Trade unions oppose public administration pay reform

Bulgarian Finance Minister Simeon Diankov presented proposals for public administration reform at the meeting of the National Council for Tripartite Cooperation held in November. The focus is on a new pay system, which replaces the traditional civil service system of automatic salary increases based on length of service with financial rewards for good performance. Employers' associations supported the proposal but trade unions have criticised some reform proposals.


On 15 November 2011 at a meeting of the National Council for Tripartite Cooperation (NCTC), Finance Minister Simeon Djjankov presented a package of proposed reforms relating to the state administration. The reform measures include:

According to the Finance Minister, the new regulations for performance-related pay ‘create clear rules for setting and increasing wages as well as for linking remuneration to results achieved’. This will work as incentive to keep highly qualified employees, he added. Despite the lack of consensus among social partners, the government adopted the new regulations.

Main points of proposed reform

The reforms include the following main points.

  • The pay of public sector employees consists of a fixed basic wage and variable components. The basic wage will make up 70% of the gross salary and the flexible component will be 30%.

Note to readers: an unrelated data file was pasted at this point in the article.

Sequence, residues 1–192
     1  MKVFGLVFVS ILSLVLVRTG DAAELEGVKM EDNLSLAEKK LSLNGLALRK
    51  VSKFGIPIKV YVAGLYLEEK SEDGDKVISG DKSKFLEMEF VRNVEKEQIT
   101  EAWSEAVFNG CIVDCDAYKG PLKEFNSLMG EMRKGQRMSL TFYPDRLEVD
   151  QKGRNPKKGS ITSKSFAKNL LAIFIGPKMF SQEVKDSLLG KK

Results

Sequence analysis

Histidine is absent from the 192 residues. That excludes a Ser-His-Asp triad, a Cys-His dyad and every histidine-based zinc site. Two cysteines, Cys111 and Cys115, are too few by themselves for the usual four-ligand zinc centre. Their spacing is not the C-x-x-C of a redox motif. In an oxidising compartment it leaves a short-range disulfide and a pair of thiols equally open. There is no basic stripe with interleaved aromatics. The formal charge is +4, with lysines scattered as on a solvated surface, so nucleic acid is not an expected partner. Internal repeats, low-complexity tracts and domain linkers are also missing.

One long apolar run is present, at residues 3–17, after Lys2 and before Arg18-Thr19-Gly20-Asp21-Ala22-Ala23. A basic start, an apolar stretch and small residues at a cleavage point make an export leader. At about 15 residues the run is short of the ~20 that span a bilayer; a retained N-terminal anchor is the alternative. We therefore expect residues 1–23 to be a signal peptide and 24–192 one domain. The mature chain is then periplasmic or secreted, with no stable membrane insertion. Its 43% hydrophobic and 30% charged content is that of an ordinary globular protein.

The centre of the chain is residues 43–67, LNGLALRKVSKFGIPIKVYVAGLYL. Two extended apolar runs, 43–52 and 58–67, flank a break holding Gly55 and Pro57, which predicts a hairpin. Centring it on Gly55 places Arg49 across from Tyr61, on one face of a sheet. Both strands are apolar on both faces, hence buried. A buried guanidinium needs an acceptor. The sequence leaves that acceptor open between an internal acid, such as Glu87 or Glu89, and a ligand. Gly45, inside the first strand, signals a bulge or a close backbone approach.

• The basic wage is fixed for levels and grades according how the post is classified, the employee’s professional experience and their individual performance appraisal. Each basic salary level includes six grades, each of which has a minimum and maximum rate, set in Annex 1 to the regulation on salaries in the state administration.
  • The bonus paid for long service is abolished and the personal seniority supplement will be incorporated within the basic monthly salary to preserve current remuneration levels. The aim is to replace the traditional civil service system of automatic salary increases based on length of service with performance-related pay.
  • A special bonus for retaining or appointing key experts is introduced, which can reach 100% of the basic wage.
  • The variable pay component is linked to strict criteria for measuring competences and individual employee performance.
  • Career advancement will now be linked to performance appraisal and not to length of service.

The new payment system will come into effect on 1 January 2012 and will cover employees recruited with a contract under the law for civil servants. It will also include administrations previously working under special laws, for example the National Social Security Institute (NSSI), the National Health Insurance Fund and the Economic and Social Council of Bulgaria (ESC), with the exception of the police and military.

Reactions of social partners

The employers’ views